Vehicle Year
93,73,12
Make / Model
Ford and Ford
Engine Size
2.3, 360ci, 5.0
Transmission
Manual
It's something we are still planing. Thanks to the internet I have found a few guys who have done the swap and we are still going to move forward with it once the weather warms up a bit.
 

Bretsk2500

New Member
Joined
Mar 25, 2017
Messages
10
Reaction score
0
Points
0
Vehicle Year
1998
Make / Model
Ford
Transmission
Manual
I am curious... which Kubota engine? AFAIK, they top out at 85 hp....

My friend had a TD Isuzu pup back when we were in HS (class of '92)... my god that truck was quick... and got ridiculous mileage for the time...
 

Ram Man 02

New Member
Joined
Dec 31, 2016
Messages
13
Reaction score
0
Points
0
Location
Delano, MN
Vehicle Year
2011
Make / Model
Ford
Engine Size
2.3L
Transmission
Manual
The Kubota engine referenced is a V2203DI. They come in both turbo and non turboed depending on where it came from. so for any kind of useable power a turbo must be added and the pump probably needs to be tweaked as well.
 

RamblerRyGuy

New Member
Joined
Sep 9, 2019
Messages
18
Reaction score
3
Points
3
Location
Ohio
Vehicle Year
1995
Make / Model
Ford Ranger
Engine Size
1.9 TDI
Transmission
Manual
2WD / 4WD
4WD
Total Lift
3 inch
Tire Size
33’s
My credo
Graduated one of the top in my class for automotive technology at Sinclair College, Ohio.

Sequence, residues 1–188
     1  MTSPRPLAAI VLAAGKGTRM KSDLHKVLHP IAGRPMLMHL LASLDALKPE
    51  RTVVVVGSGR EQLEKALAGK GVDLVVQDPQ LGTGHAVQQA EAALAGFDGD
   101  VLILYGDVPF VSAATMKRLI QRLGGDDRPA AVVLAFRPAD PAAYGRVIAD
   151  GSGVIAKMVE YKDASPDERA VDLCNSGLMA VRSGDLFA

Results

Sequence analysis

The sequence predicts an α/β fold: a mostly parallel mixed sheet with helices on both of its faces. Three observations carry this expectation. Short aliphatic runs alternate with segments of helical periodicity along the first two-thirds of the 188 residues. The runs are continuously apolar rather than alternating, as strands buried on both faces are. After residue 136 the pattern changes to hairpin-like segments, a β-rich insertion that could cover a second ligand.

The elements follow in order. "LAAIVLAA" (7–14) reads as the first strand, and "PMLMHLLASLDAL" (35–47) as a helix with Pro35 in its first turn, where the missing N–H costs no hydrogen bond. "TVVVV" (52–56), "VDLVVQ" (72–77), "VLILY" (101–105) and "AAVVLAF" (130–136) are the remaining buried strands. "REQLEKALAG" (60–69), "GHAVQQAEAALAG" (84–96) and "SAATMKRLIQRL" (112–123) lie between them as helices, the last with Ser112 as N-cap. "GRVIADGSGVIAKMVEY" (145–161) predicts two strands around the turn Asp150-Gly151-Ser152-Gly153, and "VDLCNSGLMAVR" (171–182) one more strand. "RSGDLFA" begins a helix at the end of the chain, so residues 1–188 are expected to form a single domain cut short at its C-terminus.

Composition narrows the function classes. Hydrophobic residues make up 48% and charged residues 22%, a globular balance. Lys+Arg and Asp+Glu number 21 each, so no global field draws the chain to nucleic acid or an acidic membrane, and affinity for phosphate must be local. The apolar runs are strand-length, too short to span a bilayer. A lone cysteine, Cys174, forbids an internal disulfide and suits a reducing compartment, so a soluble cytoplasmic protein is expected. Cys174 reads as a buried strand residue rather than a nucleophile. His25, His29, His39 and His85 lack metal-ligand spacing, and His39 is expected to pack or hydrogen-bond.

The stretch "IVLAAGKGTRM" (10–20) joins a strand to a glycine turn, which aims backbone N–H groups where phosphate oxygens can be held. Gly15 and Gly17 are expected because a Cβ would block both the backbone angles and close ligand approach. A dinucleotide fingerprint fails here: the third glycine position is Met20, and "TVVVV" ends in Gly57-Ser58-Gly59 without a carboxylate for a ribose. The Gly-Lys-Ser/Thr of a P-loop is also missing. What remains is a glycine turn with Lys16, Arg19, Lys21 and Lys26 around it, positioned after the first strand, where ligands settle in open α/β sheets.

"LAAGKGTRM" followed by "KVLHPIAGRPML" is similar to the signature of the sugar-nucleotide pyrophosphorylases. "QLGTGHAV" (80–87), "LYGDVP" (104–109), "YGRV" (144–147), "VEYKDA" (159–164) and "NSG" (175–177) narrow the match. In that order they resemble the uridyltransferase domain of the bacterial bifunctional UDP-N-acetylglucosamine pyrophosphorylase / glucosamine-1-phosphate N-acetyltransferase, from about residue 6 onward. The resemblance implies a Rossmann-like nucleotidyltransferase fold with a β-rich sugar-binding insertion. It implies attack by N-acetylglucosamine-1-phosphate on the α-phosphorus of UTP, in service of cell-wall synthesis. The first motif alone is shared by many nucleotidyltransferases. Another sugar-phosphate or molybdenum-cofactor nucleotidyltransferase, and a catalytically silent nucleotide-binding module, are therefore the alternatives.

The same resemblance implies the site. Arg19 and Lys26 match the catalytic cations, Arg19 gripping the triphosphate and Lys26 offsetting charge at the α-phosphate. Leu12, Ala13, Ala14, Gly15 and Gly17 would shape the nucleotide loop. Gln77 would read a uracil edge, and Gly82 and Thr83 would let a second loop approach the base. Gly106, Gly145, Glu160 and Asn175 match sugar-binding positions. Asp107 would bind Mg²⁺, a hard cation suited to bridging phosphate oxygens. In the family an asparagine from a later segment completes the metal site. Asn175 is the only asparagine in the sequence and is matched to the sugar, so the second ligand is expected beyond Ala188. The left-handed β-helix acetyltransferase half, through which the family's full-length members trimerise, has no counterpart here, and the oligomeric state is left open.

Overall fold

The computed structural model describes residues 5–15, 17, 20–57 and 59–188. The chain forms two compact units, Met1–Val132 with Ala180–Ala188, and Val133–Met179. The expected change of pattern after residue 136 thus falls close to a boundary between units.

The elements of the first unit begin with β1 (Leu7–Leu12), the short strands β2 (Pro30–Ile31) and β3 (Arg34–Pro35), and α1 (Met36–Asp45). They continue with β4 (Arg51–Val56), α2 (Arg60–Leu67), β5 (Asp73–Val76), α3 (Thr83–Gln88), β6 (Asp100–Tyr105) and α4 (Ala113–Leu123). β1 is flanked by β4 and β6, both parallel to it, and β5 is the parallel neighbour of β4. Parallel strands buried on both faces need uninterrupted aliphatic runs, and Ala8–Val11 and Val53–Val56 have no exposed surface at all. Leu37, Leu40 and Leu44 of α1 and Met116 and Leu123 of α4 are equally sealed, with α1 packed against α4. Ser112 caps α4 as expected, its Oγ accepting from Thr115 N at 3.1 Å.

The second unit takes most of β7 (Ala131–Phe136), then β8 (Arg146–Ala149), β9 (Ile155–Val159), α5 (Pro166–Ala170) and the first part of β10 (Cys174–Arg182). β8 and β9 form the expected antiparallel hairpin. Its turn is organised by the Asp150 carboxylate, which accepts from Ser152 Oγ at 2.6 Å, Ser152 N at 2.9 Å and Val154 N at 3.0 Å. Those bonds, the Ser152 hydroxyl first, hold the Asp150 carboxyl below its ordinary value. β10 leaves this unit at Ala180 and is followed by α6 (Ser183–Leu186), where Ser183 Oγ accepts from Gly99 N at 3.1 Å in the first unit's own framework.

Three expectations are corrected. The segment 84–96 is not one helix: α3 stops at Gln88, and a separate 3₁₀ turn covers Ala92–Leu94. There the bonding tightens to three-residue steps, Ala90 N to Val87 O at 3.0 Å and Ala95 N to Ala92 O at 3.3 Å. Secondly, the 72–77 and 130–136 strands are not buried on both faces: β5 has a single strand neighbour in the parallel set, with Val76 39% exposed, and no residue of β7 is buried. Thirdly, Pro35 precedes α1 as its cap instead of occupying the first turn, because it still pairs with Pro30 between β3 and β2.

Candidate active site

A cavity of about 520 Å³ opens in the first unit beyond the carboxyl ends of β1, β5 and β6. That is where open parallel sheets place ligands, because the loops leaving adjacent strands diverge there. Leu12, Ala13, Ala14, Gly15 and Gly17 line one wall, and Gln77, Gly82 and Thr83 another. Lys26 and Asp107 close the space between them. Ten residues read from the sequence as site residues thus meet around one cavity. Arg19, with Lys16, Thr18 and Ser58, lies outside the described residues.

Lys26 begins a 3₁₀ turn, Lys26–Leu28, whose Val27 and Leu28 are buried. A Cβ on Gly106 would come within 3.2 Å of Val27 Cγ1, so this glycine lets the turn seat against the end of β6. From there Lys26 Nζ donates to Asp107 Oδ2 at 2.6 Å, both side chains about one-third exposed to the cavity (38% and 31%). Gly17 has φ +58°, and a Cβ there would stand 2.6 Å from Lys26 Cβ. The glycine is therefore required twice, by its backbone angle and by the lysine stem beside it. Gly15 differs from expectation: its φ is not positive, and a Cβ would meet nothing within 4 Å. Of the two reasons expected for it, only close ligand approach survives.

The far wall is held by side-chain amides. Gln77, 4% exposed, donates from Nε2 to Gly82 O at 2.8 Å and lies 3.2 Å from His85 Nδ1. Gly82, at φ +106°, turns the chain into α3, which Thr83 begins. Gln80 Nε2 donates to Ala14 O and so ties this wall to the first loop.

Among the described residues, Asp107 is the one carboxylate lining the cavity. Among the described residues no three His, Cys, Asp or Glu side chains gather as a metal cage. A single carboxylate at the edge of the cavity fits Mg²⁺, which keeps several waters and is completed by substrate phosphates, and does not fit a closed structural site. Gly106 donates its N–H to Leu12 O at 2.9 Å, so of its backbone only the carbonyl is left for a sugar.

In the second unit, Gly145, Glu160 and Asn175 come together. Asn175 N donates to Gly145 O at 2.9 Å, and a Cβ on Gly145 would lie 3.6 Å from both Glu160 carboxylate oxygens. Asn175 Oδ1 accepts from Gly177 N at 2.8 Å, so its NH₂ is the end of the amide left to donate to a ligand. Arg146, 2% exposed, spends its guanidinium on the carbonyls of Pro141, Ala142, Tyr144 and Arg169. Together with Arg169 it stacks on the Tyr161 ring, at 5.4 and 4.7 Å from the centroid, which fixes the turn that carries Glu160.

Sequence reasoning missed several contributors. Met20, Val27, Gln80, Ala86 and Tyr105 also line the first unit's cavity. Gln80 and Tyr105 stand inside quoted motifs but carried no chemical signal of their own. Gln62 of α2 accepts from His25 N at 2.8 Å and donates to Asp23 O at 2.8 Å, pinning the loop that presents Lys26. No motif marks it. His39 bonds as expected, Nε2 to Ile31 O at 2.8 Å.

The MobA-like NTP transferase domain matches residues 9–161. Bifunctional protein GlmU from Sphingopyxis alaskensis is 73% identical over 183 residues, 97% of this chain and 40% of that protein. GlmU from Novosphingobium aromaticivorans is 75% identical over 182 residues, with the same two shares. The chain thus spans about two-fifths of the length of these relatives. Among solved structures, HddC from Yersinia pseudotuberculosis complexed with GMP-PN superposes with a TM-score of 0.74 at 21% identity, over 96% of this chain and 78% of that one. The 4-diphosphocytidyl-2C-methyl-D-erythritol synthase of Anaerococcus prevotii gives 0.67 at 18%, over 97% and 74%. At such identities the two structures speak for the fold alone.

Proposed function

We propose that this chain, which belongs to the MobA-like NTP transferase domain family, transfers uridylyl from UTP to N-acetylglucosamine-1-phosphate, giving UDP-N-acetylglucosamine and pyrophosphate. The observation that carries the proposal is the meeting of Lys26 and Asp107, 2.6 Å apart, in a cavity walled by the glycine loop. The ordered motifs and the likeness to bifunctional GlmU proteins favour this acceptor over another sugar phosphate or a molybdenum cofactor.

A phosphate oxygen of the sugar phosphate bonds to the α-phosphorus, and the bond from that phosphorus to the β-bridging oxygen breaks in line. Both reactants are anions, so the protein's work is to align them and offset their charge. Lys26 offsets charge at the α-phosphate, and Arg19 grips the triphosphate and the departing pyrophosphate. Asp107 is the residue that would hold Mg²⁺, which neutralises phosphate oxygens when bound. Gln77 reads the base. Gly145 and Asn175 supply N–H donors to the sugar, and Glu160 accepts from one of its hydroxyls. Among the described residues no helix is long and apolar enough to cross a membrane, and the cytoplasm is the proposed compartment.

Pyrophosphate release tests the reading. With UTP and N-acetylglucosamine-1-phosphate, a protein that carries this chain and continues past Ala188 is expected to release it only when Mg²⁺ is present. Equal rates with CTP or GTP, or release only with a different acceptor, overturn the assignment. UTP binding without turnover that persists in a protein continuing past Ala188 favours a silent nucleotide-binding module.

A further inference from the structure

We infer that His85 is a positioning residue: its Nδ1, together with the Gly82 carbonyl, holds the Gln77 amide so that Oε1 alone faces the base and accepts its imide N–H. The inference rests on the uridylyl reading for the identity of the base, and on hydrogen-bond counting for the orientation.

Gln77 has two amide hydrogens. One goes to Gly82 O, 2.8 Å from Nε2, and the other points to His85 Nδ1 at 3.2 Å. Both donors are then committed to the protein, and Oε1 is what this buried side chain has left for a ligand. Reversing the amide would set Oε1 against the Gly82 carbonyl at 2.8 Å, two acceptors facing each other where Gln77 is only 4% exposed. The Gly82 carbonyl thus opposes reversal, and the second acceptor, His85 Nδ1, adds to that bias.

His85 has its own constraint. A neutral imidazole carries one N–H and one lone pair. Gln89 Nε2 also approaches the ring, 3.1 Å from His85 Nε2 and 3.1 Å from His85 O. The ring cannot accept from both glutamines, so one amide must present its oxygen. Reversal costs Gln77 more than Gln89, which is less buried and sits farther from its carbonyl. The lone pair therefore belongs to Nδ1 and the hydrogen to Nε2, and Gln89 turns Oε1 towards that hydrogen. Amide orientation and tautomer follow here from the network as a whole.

For anyone looking at this thread for info on which diesel swap to look into, I have some knowledge on the VW TDI swap, having done it to my 94 Ranger.
I sometimes find myself considering why I didn't look into the OM617 more when I was planning the engine swap. In some ways, I wish I had.
The VW alh TDI is what I have in my Ranger. I have it tuned to a stage 3 Malone tune with .764 injectors. The TDI is a smooth engine with things I like about it, but beware, there are things that I definitely do not like.
1. The engine is small in displacement, so if you're pushing more power to tow something like the truck is originally rated for, you'll be getting pretty high EGT's. This is where the 3.0 liter OM617 shines. Especially if you install an intercooler.
2. Complexity of design: The TDI has a timing belt that needs to be replaced every 90k. It's a pain. There's no timing mark on the crank sprocket. The timing mark is on the stock VW flywheel, which usually no longer exists in a swap.
I've done many timing belt replacements in my time as a mechanic, and the TDI is one of the worst designs.
3. It's computerized as some of the others in this thread pointed out. It's not horribly complex, as far as wiring goes. There's also Fast Forward Automotive that makes wiring harnesses for custom TDI swaps of all kinds. They do a great job, but you'll definitely be spending a fair bit of money.
4. It's harder to fit an ac compressor on if you're swapping into a 97 or older Ranger. The frame rails are close together on those trucks and I haven't figured out yet how I would mount it.

I did not have to do a ton of fabrication to put the engine in my truck. Just engine mounts, a computer mount, and charge air cooling system. My goal with my swap was to get it running and driving for as cheap as possible. Scrounging for parts and solutions along the way, and it worked out, I suppose.

However, the best combination of simplicity and reliability seems to be on the side of the OM617 and Kubota engines from my "grass-is-greener" point of view. Unfortunately, the latter choice is much harder to find.
 

Sponsored Ad


Sponsored Ad

Top